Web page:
Once I get the concept down and slog through the research, writing any story is all about editing and changes. Sometimes, I see a need to change a character’s name, a story thread, a sentence structure, or, as was true for DEADLY STAR, the whole genre.
DEADLY STAR didn’t start off as a romance. Over the course of writing and editing the manuscript, which took about four years (do I write slow or what?), one of my critique partners thought the story might be marketed as an action/adventure. Another said it was a woman-in-peril story, a third said political thriller. Someone even floated the idea that it was sci-fi.
Then, because there was a love scene in the story—let me add a disclaimer here, it isn’t a bodice-tearing romp—I recklessly entered excerpts of the manuscript into two romance contests. The judges in each thought the concept and story were good, except it needed a happily ever after ending. One judge said she was tempted to throw it against the wall because it didn’t meet the HEA criterion. I decided the story might work as a romantic suspense novel if I made a change, or three, within the manuscript and, of course, changed the ending.
Revisions done, Crimson Romance offered me a contract about three weeks after I submitted my e-query and synopsis, and DEADLY STAR was published eleven months later. I’d stumbled…been pushed, really…into the correct genre.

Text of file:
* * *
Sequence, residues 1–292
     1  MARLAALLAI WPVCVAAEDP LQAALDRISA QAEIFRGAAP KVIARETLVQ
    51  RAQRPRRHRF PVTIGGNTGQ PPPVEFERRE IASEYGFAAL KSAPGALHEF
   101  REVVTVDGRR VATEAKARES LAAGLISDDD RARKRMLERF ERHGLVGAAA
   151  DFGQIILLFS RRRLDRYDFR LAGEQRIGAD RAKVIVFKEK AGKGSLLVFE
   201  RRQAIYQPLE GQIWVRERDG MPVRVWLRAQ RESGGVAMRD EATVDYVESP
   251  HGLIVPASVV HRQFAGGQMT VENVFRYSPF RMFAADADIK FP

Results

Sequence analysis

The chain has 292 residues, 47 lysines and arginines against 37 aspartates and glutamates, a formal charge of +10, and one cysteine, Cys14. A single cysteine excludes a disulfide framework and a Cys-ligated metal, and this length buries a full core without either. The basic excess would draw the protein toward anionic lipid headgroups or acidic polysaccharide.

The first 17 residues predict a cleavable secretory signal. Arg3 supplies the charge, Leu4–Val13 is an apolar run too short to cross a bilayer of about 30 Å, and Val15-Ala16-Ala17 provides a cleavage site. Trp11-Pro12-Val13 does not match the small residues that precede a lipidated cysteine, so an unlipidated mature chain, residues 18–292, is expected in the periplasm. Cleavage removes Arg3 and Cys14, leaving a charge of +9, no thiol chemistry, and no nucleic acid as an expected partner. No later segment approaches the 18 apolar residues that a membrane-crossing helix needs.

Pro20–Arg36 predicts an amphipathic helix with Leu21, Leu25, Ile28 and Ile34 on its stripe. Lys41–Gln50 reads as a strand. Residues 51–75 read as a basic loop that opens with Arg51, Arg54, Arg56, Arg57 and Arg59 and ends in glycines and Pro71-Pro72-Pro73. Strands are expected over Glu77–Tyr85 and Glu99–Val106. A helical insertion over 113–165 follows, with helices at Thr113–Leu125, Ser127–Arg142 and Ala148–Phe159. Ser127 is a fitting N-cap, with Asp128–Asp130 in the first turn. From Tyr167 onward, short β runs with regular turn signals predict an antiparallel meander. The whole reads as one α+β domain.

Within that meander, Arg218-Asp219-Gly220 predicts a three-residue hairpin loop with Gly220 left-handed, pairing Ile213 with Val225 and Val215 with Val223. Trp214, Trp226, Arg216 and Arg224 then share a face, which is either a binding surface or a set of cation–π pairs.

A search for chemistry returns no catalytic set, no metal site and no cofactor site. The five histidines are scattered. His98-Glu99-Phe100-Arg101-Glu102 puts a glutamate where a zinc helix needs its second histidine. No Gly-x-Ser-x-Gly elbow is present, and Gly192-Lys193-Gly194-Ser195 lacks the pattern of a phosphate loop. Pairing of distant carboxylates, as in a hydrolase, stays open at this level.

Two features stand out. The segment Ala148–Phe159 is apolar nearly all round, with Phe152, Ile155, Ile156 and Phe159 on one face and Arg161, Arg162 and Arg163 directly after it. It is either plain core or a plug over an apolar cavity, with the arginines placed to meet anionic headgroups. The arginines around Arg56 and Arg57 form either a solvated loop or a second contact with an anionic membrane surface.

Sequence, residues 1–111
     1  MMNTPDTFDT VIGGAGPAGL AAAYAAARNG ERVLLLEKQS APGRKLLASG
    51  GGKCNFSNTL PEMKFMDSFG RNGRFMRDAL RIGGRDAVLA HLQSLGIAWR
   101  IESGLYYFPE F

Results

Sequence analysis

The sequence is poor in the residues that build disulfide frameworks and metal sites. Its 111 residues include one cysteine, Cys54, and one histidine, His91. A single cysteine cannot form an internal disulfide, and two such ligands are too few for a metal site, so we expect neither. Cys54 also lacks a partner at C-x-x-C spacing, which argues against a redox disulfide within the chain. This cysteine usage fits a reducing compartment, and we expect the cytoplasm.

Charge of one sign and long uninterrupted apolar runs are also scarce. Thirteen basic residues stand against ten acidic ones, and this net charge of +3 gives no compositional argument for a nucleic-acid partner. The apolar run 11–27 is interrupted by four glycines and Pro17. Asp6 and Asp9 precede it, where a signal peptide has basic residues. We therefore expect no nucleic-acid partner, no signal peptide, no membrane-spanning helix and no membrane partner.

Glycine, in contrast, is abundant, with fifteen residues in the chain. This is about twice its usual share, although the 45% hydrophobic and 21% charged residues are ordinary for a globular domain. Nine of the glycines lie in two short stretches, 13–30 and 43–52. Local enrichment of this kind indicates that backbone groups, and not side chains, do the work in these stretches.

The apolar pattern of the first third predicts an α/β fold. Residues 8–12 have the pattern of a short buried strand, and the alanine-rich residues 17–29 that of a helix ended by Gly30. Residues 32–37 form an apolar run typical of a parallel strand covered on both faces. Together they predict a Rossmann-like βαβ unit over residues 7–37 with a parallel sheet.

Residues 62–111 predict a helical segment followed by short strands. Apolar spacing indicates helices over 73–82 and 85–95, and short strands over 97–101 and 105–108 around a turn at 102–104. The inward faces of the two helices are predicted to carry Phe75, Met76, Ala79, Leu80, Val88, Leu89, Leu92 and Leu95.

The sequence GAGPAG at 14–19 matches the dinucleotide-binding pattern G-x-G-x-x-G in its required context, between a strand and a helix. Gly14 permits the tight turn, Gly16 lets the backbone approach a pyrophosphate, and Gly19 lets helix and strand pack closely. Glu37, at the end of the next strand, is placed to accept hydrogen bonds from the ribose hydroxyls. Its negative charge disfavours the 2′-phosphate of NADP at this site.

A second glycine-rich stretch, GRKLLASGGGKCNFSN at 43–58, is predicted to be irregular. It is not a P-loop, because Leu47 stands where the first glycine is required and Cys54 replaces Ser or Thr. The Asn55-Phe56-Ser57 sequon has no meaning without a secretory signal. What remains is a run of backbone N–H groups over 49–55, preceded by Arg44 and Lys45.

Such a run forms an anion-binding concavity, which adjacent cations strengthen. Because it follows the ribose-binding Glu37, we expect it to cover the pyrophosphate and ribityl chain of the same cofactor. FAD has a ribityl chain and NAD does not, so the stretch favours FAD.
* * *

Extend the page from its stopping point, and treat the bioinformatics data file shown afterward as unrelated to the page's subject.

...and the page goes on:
The message is this: Don’t be afraid or unwilling to make changes in your manuscript but do so with a caveat. Before you make wholesale changes, be sure you’ve looked at the manuscript as objectively as possible. Put the piece aside, for several days at least, much longer if possible.
You can ask any of my critique partners, and they’ll tell you I’m making changes to my WIP as the pages leave my computer and are headed for theirs. I’ve been known to send an immediate follow-up note screaming in all capital letters: DON’T PRINT WHAT I JUST SENT YOU. HERE’S THE LATEST AND GREATEST.
After working with CEOs and vice presidents and directors who loved to thumbprint every piece of paper that crossed their desks, I do understand that my words, no matter how beautiful I think they are, are not carved in stone. And, if I can’t use them in one story, I can save them for another.
When I do need to consider a wholesale change to my manuscript, I try to keep in mind that, as one of my critique partners always said, I am the captain of my story. Change can be a good thing, but to change or not to change is up to me.
That’s all for now. You-all guys keep on keeping on, and I’ll try to do the same. And to all my writer friends, I hope all your characters are happy in your head . . . we're all doing pretty well in mine. Comments? Questions? There's a spot open and waiting for those at the bottom of the post.
And now a word from my sponsors:
COMING ATTRACTIONS . . . Arriving July 10: A new Crimson Romance bundle about athletes and the sports they love, Bodies in Motion, includes Choosing Carter (rafting and off-roading) Watch for it on Amazon.
Ebook bundles still available on Amazon: More Than Friends and California Kisses
“Bad Day at Round Rock” short story in The Posse anthology @ http://amzn.to/2lQRvcD
blog at: www.lyricalpens.com